Have you lost someone you love? What fears did you battle with the grief? How did God help you face them? Please share!

Gayle-Roper (674x800)Gayle Roper has been in love with story for as long as she can remember, whether reading one or writing one. She has authored more than 50 books. She has won a Carol Award, the RITA Award, a Romantic Times Book Report Reviewer’s Choice Award, and finaled repeatedly in the Christys.  She has won the Holt Medallion three times and twice her titles have won the Inspirational Readers Choice Award.

Her nonfiction title, A Widow’s Journey, won the 2015 Golden Scroll Award as the best nonfiction of the year. Romantic Times Book Report has given her the Lifetime Achievement Award. Several writers conferences including Mount Hermon CWC, Florida CWC and Greater Philadelphia CWC have cited her for her contributions to the training of writers.

Gayle lives in Southeastern PA where she enjoys her family, her friends, and eating out.

Gayle is going to give away 2 books–yes, you read that right, two!–to two of you who leave a comment below! Each commenter will be entered in a drawing to win a print copy of either A Widow’s Journey or A Fatal Arrangement. So don’t forget to join the conversation! (Winner randomly selected Feb. 12, 2018. Winner must have Continental U. S. mailing address.)

A Widow''s Journey-Gayle Roper (576x800)A Widow’s Journey

Have you recently lost your husband? Are there days when you feel so terribly alone–and that no one else could possibly understand?

Author Gayle Roper understands. As a recent widow herself, Gayle writes:

So who am I now that there’s only one place at the table…one pillow with a head dent, one damp towel after a shower. There’s only one toothbrush in the holder. The seat is never left up anymore.

I can still write Mrs. in front of my name, but I’m no longer in a marriage relationship. You need two people for a marriage and there’s only me.

Is there only you? Then join Gayle as she draws on her emotions during the loss of her beloved husband, Chuck, and offers you a compassionate devotional to encourage you through your darkest days.

Gayle knows a widow’s pain is deep. But she also knows God’s love is deeper still. And it’s in His love you’ll find your deepest comfort.

AFatalArrangement (538x780)A Fatal Arrangement

When her position at the university is unexpectedly cut, Kaylee Bleu is left feeling more than a little lost. But the timing couldn’t be better.

An unexpected phone call brings an exciting new opportunity for Kaylee. She packs up her life and moves to take ownership of her grandparents’ grand Victorian mansion flower shop and charming Wildflower Cottage, both in Turtle Cove, Wash., on gorgeous Orcas Island.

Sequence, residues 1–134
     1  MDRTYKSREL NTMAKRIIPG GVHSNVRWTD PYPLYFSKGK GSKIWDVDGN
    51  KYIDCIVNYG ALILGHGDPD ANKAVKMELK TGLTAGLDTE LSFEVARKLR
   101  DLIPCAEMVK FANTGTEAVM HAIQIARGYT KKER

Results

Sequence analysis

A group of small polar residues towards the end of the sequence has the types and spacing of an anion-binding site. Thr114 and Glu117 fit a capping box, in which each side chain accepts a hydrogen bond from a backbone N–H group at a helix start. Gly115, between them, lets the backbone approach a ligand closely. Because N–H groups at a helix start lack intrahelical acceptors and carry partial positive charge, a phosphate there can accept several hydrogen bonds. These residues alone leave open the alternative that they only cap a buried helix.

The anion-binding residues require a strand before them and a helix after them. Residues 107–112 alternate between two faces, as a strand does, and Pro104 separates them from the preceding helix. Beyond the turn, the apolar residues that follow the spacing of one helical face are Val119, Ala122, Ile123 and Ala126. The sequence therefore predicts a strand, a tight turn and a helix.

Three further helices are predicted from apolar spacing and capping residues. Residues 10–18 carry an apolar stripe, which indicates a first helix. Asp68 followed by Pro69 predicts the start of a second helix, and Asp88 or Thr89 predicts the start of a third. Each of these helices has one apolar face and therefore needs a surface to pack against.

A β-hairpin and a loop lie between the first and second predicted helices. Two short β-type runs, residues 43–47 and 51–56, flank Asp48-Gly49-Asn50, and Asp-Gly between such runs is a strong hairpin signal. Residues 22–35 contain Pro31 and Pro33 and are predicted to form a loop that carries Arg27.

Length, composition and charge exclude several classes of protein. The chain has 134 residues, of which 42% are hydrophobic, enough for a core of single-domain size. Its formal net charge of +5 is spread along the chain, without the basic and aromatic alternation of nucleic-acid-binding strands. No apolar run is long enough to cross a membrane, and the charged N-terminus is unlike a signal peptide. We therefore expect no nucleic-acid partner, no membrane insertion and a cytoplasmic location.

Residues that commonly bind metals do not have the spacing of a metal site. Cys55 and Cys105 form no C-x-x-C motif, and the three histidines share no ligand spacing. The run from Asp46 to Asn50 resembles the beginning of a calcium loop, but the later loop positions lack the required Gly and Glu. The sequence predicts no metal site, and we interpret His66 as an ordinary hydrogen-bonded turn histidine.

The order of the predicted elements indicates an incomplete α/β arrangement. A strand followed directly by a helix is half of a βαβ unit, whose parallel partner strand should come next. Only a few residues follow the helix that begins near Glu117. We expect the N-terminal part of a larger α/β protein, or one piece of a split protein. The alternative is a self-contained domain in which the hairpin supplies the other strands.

Then Kaylee discovers that not everything in Turtle Cove is coming up roses. Will the cryptic clues in her grandfather’s journal lead her to the truth about what really happened to him years ago — and straight into the path of a killer?

Comments 14

  1. Angie Arndt


    So wonderful to see you on Jerusha’s site and what a powerful testimony of turning intense pain into ministry! I’ve always been a fan and I’d love to read your mystery.

  2. Becky J

    Thank you for these precious words-it gave such insight into the tenderness of heart and the depth of loss felt when your soulmate is parted from you. May I take these words and bring more tenderness to those walking in loss. The Lord bless you!

  3. MJ


    Thank you for sharing with us about your loss and for helping others through their loss by passing on what God taught you.

  4. Gayle

    Thanks, Becky. Just listen to your grieving friends talk about their loss. It’s one way they keep that person alive. And they’d love to hear you tell stories about their loved one.

  5. Marjorie

    One of my best friends lost her husband almost 3 years ago and she still struggles. She can’t even visit my house because it is the house she used to live in with her husband for over 30 years. I will have to share with her about your book, Gayle. Thank you for sharing on this blog!

  6. Richard Mabry

    Gayle, from one who has walked that walk himself, I really appreciate what you’ve done (and continue to do) in sharing your Widow’s Journey.
    And I still remember how out of place I felt when I sat in your critique group at Mount Hermon, yet you were kind to a total novice. I still find myself recalling words of wisdom that you imparted to a newbie at that time.
    Blessings, friend.

  7. Gayle

    Richard, with your book, The Tender Scar you’ve taken your sorrow and used it for the Lord. And those medical mysteries keep coming, and I keep enjoying them.

  8. Rolland Wright

    Gayle, I would love to have a conversation with you about all things widowhood…..I have a non profit, The Widows Project ( ) and would also love to obtain a copy of your books. I see that you mention Orcas Island….I live in Everett, WA. I will leave my contact information….Rolland Wright President/Founder The Widows Project